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[Robert Fouser] South Korea and a second Trump term

By Korea Herald

Published : Dec. 15, 2023 - 05:30

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December in the US brings short days, chilly weather, and the Holidays, but every four years it brings something else: quiet before the stormy primary season for major party nomination that begins in January. This year, however, things are different. President Joe Biden, running for reelection, is facing little serious opposition for the Democratic nomination. But with sagging approval ratings and advancing age, many doubt the viability of his candidacy. On the Republican side, former President Donald Trump is leading the race for the Republican nomination, despite having been charged with a total of 91 felony counts. He is currently out on bail in four jurisdictions.

An overwhelming majority of Americans say they don’t want a Biden-Trump rematch. The number of third-party candidates keeps growing and together they are pulling at least 10 percent in the polls. Democrats who blame close losses in 2000 and 2016 on third party candidates are worried that they will pull more from President Biden than Trump, thus swinging the election away from them once more.

Younger Americans -- young Millennials and Gen Z voters -- dislike both parties and feel alienated from older politicians who only offer up tropes from days gone by. They are pessimistic about their future and want change. This explains why so many young voters who lean left are critical of Biden and willing to consider a third party.

Meanwhile, December 6 was the last of four officially sponsored Republican debates. With a strong lead in the polls, Trump has skipped all the debates, leaving them to candidates trailing far behind. Each debate has seen fewer participants on stage, with only four left for the final debate. Establishment Republicans first gravitated to Florida Gov. Ron DeSantis but have recently shifted to Nikki Haley as she has risen in the polls. Haley, a former governor of South Carolina and former US ambassador to the UN, has moved into second place, but still behind Trump.

For South Korea, this election ranks as one of the most important US elections since 1980 when Reagan’s victory reaffirmed the US security commitment after years of stress during the administration of Jimmy Carter. A Biden victory would mean a continuation of the status quo. Chances are high that Biden would not make it through a second term, but his Vice President Kamala Harris is an establishment figure who would continue Biden’s foreign policy in the likely event that she became president. Though unpopular now, things could change if she moves into the White House. She would be eligible to run for president at least in 2028 and, if Biden makes it through more than two years of his term, again in 2032.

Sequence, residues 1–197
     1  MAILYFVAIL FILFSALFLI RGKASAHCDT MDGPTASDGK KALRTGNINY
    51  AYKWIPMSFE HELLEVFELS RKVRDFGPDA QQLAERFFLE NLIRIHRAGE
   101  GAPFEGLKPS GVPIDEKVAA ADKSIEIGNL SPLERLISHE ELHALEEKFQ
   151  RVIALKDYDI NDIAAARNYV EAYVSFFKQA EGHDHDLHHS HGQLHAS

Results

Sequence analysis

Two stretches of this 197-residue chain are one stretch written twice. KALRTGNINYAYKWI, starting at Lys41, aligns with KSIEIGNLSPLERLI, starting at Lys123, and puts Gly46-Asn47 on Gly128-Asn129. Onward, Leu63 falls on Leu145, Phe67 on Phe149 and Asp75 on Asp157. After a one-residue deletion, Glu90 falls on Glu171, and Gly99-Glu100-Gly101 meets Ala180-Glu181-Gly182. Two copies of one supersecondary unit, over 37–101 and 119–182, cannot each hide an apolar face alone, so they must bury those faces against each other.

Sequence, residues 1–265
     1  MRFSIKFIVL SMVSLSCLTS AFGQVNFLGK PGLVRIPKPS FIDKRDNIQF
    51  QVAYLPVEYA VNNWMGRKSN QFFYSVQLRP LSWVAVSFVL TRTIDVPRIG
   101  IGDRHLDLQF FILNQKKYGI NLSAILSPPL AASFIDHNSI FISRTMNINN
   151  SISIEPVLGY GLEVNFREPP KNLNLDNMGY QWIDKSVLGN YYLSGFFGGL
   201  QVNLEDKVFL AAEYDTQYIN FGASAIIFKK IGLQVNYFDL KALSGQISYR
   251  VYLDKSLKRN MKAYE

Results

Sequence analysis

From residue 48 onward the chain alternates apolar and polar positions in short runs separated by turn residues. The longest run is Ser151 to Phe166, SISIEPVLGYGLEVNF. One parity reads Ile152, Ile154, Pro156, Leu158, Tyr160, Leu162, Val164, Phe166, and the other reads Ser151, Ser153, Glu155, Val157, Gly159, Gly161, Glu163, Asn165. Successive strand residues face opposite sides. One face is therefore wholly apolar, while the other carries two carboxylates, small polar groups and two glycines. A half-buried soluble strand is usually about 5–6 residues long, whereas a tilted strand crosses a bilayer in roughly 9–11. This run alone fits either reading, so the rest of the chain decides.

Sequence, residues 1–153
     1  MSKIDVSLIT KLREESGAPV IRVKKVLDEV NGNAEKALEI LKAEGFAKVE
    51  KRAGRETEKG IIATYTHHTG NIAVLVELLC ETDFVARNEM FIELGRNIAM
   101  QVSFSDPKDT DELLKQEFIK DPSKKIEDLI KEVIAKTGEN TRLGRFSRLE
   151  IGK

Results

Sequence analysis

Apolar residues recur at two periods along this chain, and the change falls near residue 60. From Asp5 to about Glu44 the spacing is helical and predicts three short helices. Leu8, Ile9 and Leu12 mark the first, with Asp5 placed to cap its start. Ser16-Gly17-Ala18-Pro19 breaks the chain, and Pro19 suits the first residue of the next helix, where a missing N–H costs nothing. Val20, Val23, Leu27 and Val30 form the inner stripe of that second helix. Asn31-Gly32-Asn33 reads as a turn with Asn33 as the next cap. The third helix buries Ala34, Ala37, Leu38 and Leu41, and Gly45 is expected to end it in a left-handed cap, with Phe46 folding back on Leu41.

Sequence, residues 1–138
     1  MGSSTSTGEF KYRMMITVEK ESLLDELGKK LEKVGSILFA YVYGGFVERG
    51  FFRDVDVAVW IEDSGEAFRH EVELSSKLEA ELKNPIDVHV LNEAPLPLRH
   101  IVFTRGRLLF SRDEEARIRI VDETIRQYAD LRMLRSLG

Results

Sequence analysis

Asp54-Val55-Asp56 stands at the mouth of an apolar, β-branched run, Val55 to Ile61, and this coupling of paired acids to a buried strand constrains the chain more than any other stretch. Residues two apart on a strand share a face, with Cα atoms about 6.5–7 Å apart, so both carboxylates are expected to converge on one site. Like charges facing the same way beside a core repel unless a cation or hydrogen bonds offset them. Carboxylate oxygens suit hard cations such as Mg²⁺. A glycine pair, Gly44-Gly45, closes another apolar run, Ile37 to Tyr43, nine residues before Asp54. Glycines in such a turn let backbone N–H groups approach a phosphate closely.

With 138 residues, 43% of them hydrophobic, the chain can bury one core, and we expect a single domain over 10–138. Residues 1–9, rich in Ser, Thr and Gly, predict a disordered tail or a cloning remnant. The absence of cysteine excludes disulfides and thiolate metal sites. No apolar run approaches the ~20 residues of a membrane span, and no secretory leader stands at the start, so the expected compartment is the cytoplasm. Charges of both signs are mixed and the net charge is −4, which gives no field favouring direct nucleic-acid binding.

The Republican candidates differ sharply on foreign policy. Trump has doubled down on his isolationist "Make America Great Again" ideology that defined his first term. Then, his antagonism to South Korea was restrained by the many foreign policy establishment Republicans who surrounded him. His overtures to North Korea, meanwhile, were tolerated as a show to make the president feel good because nobody believed a “deal” with North Korea was possible. In a second term, those guardrails would be off. Defeating Biden would embolden Trump and he would surround himself with people loyal to him and his MAGA ideology. The alliance between South Korea and the US would be tested as never before.

Though unlikely, a Nikki Haley nomination and election victory would mean a continuation of the status quo but in relations with South Korea, but with the prospect of a more assertive US stance toward China and North Korea. Biden is an Atlanticist at heart, but Haley looks more toward the Indo-Pacific. She would work to develop a stronger alliance to contain China and South Korea would be an important link in those efforts.

As things stand now, South Korea should be worried. A series of recent polls shows Trump running ahead of Biden. Biden’s approval ratings are languishing around 40 percent, which suggests defeat. Things could change. Republicans could get cold feet and shift quickly to Haley. The sour public mood in the US could improve as inflation falls and employment remains strong, giving Biden a boost. All possible, but also unlikely.

Which means that the most likely outcome is a close election between an unpopular incumbent president and an unpopular and mostly-likely-convicted-felon former president. It’s not a pretty picture, but the thought of a Trump victory is truly terrifying not just for the US, but also for South Korea and beyond.

Robert J. Fouser

Robert J. Fouser, a former associate professor of Korean language education at Seoul National University, writes on Korea from Providence, Rhode Island. He can be reached at robertjfouser@gmail.com. -- Ed.